Was That Really Necessary?
It was Friday afternoon. I had just returned my rental car at the Cincinnati airport and was excited to go back home to my family. I walked to security and proceeded to the CLEAR lane. The staff member at CLEAR was very professional. She took my boarding pass, guided me through the retina scan and then marked my boarding pass before walking me to the TSA agent. Soon, my luggage was screened, and I was at my gate, waiting to board my flight.
I love the efficiency of CLEAR. I am amazed how much progress we have made in the last few years. It also makes me wonder where the world will be in a few years as services similar to this makes our life even more efficient. But then, it dawned on me, “What would the CLEAR agents do if I had a mobile boarding pass? Surely, they do not have a magic pen to mark my mobile boarding pass. Or do they?”
The next few trips I used a mobile boarding pass, the process was the same but fortunately, they did not use a marker on my iPhone screen. Hmm, that showed me that they really did not need to mark my paper boarding pass. Then, what was the purpose of them marking my airline name, my TSA Pre status, my name, my departing airport, the date, and then initialing the boarding pass? In a world where nearly half of all travelers are using mobile boarding passes, maybe CLEAR had figured out that people like me, who still use a paper boarding pass are more forgetful and the markings will help them. If that was true, did they really have to mark Cincinnati on my paper boarding pass to remind me that I am leaving Cincinnati? Hmm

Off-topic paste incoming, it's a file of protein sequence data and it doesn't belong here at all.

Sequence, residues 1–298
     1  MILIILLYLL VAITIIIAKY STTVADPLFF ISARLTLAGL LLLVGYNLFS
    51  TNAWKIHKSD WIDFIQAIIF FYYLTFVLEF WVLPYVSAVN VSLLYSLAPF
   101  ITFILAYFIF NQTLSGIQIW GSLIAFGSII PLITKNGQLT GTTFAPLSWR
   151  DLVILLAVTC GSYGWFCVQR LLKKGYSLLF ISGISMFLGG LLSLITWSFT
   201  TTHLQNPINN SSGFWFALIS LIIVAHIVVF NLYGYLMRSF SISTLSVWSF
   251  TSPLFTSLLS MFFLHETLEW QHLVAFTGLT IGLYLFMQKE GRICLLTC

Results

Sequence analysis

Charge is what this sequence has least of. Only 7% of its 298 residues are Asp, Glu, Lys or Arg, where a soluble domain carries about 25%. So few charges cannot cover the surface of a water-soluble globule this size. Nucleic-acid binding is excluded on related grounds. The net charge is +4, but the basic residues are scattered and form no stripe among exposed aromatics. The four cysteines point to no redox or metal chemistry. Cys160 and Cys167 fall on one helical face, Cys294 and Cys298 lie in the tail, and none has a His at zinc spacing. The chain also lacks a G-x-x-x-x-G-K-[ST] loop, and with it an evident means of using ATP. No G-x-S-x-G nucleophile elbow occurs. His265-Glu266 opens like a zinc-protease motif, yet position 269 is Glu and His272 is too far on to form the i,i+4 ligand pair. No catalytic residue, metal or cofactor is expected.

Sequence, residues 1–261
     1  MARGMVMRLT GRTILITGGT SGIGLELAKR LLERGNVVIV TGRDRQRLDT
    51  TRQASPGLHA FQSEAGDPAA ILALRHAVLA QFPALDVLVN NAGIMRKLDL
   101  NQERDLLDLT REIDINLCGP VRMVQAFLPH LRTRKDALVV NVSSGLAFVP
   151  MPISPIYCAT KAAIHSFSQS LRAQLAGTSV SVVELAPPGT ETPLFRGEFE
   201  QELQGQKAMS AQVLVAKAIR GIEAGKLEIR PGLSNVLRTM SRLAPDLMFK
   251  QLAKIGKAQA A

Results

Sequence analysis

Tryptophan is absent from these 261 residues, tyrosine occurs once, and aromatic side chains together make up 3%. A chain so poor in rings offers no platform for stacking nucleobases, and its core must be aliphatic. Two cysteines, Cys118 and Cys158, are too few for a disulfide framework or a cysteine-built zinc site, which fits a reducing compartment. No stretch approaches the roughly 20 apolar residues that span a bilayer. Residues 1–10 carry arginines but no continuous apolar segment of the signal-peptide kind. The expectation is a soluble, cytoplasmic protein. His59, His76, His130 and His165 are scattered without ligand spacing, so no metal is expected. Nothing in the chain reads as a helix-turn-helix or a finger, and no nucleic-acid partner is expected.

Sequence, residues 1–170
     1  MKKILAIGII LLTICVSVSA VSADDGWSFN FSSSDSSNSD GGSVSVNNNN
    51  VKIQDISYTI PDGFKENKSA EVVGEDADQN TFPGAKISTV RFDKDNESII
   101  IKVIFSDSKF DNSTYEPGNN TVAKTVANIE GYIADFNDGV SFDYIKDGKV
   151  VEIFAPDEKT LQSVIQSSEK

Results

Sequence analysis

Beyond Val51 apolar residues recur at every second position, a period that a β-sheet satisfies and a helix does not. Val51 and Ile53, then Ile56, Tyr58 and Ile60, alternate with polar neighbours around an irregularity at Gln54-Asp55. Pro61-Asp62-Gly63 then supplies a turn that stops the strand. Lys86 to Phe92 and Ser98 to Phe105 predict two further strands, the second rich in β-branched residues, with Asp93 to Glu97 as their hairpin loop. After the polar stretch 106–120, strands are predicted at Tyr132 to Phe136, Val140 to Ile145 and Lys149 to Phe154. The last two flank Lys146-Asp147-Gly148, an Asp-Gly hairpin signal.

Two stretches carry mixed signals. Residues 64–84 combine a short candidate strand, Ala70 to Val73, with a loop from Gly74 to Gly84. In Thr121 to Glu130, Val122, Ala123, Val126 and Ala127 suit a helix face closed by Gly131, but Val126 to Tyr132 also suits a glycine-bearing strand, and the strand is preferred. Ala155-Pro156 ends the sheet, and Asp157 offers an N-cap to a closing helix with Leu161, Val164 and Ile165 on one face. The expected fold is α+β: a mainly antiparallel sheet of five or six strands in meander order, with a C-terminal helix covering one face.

Now let us look at the cost of this redundancy. CLEAR, based on published reports, has nearly 3 million members who are making nearly 100 million trips a year. That means nearly 50 million trips have paper boarding passes which are getting marked. If you aggregate the level of inefficiency, it becomes huge. If this process takes an additional 5 seconds, that is an additional 70,000 hours wasted. Finally, what is the cost of the markers to mark those 50 million boarding passes? What is the impact on the wrist of the employees?
Businesses today are all creating parallel paths for their customers to access their brand using the digital path. It is not easy to maintain both a traditional and a digital path, but it is essential for both to sync. When they do not sync, it could either be that the digital path is missing key elements or the traditional path is holding on to outdated steps that are not needed anymore. Both are equally important to pay attention to. Recently, when I checked in for my flight on United Airline’s website, there were some digital confetti to celebrate my success. It made me feel good and realize that I have successfully completed the process. On a lighter note, maybe the airlines realize it was a big accomplishment for me to finish checking in and decided to celebrate the event, just for me. Either way, it paralleled the traditional experience, where an agent thanks passengers after an interaction, but in this case they did it the way that works perfectly in the digital world.
If you are adding parallel paths for your customers to access and use your brand using the digital path, you should ask the following three questions:
- What are the key elements and touchpoints of the guest experience?
- Does your digital path include all of them?
- Are there any touchpoints on the traditional side that has become obsolete and can be deleted?
In the case of CLEAR, they can easily eliminate the step of highlighting the airport I am leaving as Cincinnati is a nice city and I enjoyed visiting. There was no reason to remind me that I am finally leaving the city.